1994 murder defendant's defense: You can't wait 20 years to charge him

Updated 8/3/2018 10:47 PM
  • Thomas Spear

    Thomas Spear

Attorneys for a Peoria man, charged last fall in the 1994 murder of a Lisle woman, say all charges should be dismissed as a result of police and prosecutors "abandoning efforts to advance the investigation after September 1997."

Thomas Spear, a pizza chef, was arrested last September and charged with first-degree murder in the August 1994 death of Illa Venard in her second-floor condominium on Walnut Creek Lane. Spear, now 44, is being held on $3 million bail in DuPage County jail.

But his attorneys say the long delay in the investigation, even after authorities received a "tip" that pointed to Spear in 1997, was "unreasonable and unnecessary" and damages his chance for a fair trial.

DuPage County Judge George Bakalis on Friday scheduled a hearing on the motion to dismiss the charges for 10 a.m. on Sept. 7.

Venard, a 71-year-old widow who lived alone, was found dead shortly before midnight Aug. 4, 1994, by her son, Keith, and his now ex-wife.

An autopsy conducted at the time was unable to determine her cause of death. After Spear's arrest and confession, a medical examiner reopened the file and determined the cause of death to be cardiac arrhythmia caused by being startled by an intruder. The examiner could not rule out strangulation.

Prosecutors at Spear's bail hearing last fall said Venard's decomposing body was found partially under a chair with her thumbnail broken and rings missing from her fingers. Her apartment appeared to have been ransacked. A TV Guide, open to three days earlier, was on a nearby table.

Investigators were stymied by her death until Aug. 2, 1997, when a former neighbor of Venard's went to the Lisle Police Department and implicated Spear.

Prosecutors told Judge Bakalis last fall they were unable to explain why it took 20 years to charge Spear, who has a lengthy criminal history since Venard's death. Lisle police declined to comment last fall, citing an ongoing investigation, and could not immediately be reached on Friday.

According to the motion filed by Senior Assistant Public Defender Val Pacis, the former neighbor told police Spear visited her and her boyfriend shortly before the slaying. She also told police Venard walked through the condo's pool area where the three were sitting and Spear noticed the jewelry the older woman was wearing and asked where she lived.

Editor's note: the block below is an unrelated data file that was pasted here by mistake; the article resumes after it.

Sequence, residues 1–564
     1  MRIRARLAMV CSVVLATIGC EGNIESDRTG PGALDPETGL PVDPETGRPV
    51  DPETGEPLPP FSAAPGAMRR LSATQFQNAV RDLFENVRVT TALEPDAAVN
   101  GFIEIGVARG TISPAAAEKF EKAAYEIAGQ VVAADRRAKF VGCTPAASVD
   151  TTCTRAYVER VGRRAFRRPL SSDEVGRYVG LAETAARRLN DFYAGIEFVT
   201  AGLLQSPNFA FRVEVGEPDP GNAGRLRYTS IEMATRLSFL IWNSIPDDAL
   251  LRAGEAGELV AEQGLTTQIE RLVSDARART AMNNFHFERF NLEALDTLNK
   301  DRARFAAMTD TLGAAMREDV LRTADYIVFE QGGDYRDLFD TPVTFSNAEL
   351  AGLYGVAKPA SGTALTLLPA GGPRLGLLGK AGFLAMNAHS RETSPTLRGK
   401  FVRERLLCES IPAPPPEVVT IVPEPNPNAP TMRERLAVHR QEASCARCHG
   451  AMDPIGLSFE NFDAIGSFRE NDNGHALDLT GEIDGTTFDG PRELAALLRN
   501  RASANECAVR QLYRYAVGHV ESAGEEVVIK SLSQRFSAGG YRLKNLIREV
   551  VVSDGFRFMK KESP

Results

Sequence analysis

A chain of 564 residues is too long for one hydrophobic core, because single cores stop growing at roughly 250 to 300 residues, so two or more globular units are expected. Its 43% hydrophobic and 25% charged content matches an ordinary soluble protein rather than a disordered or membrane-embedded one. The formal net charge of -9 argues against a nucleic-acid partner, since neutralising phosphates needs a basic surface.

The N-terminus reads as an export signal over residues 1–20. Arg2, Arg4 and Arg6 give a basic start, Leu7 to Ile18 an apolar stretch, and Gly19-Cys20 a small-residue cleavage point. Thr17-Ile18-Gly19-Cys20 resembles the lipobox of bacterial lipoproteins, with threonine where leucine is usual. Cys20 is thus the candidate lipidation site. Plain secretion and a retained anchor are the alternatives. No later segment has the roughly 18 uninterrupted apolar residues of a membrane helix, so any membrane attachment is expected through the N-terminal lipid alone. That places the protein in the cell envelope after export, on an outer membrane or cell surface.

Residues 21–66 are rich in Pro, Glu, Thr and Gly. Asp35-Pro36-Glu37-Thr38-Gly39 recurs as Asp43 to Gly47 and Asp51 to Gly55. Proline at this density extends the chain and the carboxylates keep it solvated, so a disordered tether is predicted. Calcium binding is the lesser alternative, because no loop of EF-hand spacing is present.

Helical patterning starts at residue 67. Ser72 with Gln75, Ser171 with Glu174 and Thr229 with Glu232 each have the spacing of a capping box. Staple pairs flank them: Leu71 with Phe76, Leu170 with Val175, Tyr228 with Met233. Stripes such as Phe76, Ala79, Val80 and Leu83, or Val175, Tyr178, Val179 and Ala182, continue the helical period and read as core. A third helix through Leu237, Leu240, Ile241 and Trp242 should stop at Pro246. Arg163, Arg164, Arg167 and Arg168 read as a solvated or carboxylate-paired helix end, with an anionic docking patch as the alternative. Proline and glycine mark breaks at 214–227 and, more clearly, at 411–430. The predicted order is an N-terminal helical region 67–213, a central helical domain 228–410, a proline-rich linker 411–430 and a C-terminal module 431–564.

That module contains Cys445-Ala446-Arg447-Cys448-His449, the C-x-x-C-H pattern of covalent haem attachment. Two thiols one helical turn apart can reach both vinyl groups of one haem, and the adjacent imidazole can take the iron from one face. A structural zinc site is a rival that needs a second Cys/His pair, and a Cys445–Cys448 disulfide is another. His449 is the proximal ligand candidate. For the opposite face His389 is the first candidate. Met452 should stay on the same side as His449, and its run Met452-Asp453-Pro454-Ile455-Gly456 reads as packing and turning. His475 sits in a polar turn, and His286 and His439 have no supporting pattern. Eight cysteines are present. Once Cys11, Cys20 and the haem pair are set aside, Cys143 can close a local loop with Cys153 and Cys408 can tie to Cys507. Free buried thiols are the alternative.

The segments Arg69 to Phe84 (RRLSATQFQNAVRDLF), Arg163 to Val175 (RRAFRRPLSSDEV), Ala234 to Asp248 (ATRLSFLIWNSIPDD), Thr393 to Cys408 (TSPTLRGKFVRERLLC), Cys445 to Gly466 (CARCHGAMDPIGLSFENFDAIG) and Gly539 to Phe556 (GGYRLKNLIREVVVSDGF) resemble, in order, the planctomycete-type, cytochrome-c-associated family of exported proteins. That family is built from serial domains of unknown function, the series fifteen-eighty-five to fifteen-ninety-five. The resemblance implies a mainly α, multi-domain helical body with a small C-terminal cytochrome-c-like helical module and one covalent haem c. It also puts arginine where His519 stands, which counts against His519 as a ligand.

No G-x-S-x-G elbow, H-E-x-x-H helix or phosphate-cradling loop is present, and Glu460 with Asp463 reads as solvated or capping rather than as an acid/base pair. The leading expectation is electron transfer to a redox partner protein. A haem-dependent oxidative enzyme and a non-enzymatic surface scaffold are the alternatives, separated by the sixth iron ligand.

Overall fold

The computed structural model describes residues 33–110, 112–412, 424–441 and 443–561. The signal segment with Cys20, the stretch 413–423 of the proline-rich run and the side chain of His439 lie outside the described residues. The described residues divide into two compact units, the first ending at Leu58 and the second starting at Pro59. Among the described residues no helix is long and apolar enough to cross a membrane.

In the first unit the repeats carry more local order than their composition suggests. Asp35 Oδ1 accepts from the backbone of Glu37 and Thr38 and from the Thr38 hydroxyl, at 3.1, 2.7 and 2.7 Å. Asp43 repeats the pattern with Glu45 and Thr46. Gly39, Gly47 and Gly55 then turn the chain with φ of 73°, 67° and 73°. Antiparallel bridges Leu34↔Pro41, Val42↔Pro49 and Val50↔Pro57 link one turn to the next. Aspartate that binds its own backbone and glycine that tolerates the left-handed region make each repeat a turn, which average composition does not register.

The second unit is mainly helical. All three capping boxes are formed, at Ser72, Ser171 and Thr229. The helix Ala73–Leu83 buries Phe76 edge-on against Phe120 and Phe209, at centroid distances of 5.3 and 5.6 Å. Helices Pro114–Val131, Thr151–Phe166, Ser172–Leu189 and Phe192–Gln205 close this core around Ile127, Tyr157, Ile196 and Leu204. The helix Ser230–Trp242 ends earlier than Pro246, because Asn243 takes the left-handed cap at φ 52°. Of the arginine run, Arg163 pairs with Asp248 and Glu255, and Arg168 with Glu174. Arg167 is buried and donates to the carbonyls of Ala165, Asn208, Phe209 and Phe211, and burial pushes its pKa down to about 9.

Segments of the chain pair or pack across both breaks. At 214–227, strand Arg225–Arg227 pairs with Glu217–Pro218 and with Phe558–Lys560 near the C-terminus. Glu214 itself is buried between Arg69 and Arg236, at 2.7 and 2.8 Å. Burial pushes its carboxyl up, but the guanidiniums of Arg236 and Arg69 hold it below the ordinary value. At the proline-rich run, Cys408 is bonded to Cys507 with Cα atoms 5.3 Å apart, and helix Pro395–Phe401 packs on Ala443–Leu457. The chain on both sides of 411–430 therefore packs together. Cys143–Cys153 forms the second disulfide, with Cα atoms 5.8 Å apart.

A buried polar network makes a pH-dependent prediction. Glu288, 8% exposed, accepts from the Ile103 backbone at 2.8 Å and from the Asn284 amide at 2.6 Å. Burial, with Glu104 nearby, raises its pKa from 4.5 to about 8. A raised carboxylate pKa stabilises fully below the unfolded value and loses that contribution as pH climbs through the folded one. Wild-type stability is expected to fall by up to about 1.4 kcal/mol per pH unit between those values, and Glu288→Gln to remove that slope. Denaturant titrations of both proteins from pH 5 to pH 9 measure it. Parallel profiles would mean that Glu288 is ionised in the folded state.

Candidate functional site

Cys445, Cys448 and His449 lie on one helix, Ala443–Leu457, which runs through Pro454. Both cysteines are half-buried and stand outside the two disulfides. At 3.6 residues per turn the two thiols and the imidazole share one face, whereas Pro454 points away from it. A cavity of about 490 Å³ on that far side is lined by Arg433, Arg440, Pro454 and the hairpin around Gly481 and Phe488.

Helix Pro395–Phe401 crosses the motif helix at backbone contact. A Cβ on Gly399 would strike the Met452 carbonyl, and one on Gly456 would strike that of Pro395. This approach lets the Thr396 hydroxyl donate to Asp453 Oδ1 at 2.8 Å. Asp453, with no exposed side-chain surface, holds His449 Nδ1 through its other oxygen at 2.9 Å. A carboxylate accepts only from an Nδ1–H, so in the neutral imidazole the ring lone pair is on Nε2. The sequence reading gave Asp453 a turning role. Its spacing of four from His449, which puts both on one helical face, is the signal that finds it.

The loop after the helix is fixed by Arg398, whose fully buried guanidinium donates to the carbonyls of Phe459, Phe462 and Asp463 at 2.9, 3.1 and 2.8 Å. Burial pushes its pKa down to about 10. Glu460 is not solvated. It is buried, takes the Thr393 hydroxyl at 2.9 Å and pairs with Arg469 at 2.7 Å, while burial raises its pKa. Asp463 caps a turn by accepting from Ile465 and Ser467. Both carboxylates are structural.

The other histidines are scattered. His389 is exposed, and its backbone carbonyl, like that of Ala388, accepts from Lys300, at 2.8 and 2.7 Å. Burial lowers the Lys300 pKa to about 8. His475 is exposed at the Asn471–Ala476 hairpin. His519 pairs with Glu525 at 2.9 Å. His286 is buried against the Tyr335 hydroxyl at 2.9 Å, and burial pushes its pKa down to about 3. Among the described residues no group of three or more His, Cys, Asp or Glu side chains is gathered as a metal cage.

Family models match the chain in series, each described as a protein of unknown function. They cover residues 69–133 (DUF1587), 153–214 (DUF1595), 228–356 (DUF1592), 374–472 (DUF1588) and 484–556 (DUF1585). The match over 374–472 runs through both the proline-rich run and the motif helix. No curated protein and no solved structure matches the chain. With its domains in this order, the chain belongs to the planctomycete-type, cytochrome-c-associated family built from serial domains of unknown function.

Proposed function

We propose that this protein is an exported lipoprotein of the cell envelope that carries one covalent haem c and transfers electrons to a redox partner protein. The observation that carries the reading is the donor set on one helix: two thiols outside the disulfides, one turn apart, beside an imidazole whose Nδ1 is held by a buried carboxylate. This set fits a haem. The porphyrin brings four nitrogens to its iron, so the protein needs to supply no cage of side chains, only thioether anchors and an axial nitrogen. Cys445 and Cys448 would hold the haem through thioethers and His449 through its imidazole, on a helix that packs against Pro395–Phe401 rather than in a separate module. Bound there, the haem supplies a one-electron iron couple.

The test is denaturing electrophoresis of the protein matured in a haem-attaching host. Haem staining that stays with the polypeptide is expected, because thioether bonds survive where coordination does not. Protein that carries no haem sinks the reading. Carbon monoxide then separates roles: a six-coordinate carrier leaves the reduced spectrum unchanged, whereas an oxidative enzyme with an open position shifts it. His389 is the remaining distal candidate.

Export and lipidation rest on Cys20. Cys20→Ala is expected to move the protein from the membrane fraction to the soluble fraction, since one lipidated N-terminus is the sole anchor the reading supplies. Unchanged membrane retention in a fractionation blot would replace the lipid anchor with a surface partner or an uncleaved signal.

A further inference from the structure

A short time later, Spear again met with the neighbor and her boyfriend at a Denny's restaurant, showed them four checks taken from Venard's purse, and asked them to go with him to cash them.

According to the motion, the woman overheard Spear tell her boyfriend that he entered Venard's apartment through the balcony and she had a heart attack while he was there.

Spear, wearing a red and black scarf and sunglasses, cashed each of the checks for $300 and shared the money with the woman and her boyfriend. The three then went shopping.

Over the next 20 years, Spear was convicted of multiple burglaries and criminal trespass to vehicle charges. He also was convicted twice of driving with a suspended license and a 2015 DUI.

"The state's delay was unreasonable and unnecessary. Law enforcement received a 'lead' or tip in 1997 which named the defendant as someone who may be involved in the victim's death. For nearly 20 years, no investigation continued," Pacis wrote. "Where there is substantial prejudice and unjustified delay, the court must balance the interests of the defendant and public."

Ultimately Lisle police reopened the investigation in February 2017 and, a month later, collected swabs of DNA evidence from utensils Spear used at the Peoria restaurant where he worked and from his car in the restaurant's parking lot.

Because of the delay, Pacis wrote, Spear can no longer rely on testimony from two key witnesses and several of Venard's former neighbors because "memories have faded over the passing of time or some may no longer be available."

He also cannot rely on DNA evidence that would "exculpate" him, she wrote.

Spear's own recollection of the day's events is also "downgraded," leaving him unable to recall an alibi defense, she wrote.

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